Savings Bonds
Posted: 27 November 2012 11:14 AM   [ Ignore ]
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Any finance gurus here? I read an article dated 2012 that said EE Savings bonds are a good investment.  I noticed the rate just recently fell to .2 % from .6%, both less than 1%.  How in the world can that be a good way to save for retirement? Does the rate change if you hold it to maturity, which I think is 17 years?

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Posted: 27 November 2012 12:00 PM   [ Ignore ]   [ # 1 ]
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I don’t understand the economics behind it, either, however, I believe Japanese government bonds fell below zero percent and were still for some weird financial reasoning being purchased by large investors.

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Posted: 27 November 2012 12:43 PM   [ Ignore ]   [ # 2 ]
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I’m not even sure if this is the case, but if a government devalues its currency, possibly bond holders get the original value rather than the devalued amount.  For example if one bought a $1000 bond at -1% interest and kept it for one year it would be worth $990.  However, if during that year, the government devalued their currency by, say, 50% a person who had $1,000 in his wallet would still have the same amount, but it could buy only half as much.  Possibly if the bond holder cashed in his bond at the end of the year, he’d get in actual currency, $1,980.  confused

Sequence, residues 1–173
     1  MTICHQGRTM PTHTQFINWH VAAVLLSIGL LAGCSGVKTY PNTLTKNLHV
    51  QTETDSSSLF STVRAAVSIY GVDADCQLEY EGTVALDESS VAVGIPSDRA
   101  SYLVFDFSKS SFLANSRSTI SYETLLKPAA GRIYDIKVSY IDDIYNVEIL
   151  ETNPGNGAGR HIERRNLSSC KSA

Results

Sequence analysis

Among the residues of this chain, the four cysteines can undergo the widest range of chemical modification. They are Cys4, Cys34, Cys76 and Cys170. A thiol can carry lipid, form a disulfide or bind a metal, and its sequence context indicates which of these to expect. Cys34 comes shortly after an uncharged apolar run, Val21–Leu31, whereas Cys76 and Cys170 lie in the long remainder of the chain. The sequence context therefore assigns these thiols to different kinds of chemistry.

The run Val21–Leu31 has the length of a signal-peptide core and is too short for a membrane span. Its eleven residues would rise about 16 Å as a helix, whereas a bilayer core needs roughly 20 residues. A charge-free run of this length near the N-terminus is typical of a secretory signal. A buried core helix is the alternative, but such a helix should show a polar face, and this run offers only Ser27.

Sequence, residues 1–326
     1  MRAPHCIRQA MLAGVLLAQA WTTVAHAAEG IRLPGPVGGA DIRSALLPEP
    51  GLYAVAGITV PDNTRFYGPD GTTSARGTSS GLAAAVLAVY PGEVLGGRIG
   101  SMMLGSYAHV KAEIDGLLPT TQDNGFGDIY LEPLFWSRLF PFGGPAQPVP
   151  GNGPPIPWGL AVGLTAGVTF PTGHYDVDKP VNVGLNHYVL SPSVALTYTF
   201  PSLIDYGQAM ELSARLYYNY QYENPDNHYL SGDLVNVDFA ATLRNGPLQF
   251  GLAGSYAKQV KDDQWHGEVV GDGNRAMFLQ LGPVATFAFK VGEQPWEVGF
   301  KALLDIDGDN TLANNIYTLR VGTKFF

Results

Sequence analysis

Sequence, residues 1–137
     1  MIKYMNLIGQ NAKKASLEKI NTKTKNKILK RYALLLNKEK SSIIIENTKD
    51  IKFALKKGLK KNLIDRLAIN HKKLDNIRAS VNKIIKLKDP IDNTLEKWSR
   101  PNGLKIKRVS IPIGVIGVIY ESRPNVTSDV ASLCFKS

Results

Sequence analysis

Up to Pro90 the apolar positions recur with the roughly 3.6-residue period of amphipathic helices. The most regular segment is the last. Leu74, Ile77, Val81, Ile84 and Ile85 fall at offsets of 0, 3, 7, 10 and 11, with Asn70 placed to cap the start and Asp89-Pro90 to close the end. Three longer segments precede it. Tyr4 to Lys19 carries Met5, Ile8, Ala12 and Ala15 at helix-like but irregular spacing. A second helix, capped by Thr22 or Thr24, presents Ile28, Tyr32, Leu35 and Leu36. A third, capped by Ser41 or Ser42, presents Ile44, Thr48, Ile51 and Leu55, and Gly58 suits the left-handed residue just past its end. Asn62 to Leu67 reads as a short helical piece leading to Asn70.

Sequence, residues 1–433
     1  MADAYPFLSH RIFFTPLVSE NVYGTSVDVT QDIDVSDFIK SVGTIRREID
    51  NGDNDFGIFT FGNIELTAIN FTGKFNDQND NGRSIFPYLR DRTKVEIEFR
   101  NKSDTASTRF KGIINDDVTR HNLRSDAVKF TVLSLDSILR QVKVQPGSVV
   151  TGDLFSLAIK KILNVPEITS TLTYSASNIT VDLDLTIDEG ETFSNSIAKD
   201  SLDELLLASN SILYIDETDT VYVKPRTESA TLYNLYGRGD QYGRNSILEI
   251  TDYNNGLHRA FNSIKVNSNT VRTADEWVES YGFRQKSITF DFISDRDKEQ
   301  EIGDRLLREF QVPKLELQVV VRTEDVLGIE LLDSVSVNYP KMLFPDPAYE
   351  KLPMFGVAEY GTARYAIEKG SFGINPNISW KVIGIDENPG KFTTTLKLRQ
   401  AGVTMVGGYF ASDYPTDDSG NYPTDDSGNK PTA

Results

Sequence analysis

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Posted: 27 November 2012 12:54 PM   [ Ignore ]   [ # 3 ]
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Occam. - 27 November 2012 12:00 PM

I don’t understand the economics behind it, either, however, I believe Japanese government bonds fell below zero percent and were still for some weird financial reasoning being purchased by large investors.

Depends what the alternatives are. I assume people buying those bonds think that alternatives will do worse.

It’s true you can keep money in the mattress, but that has its own risks, which can be catastrophic.

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Posted: 27 November 2012 02:12 PM   [ Ignore ]   [ # 4 ]
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Can’t do much worse than .2%. Even kiddie savings accounts have higher percents.  That’s why I was wondering if there’s something I’m missing about ee savings bonds that make even a measely .2% not enough to stop buying bonds.  It’s almost as if the US Gov is saying STOP buying savings bonds.

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Posted: 27 November 2012 08:46 PM   [ Ignore ]   [ # 5 ]
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I was thinking that one could buy gold or diamonds, but then, how do we know if possibly their monetary value may plummet.  If all the stocks drop to, say, 10% of their value, and banks default on everything above the government guarrantee, maybe having only a .2% loss would be a good investment.

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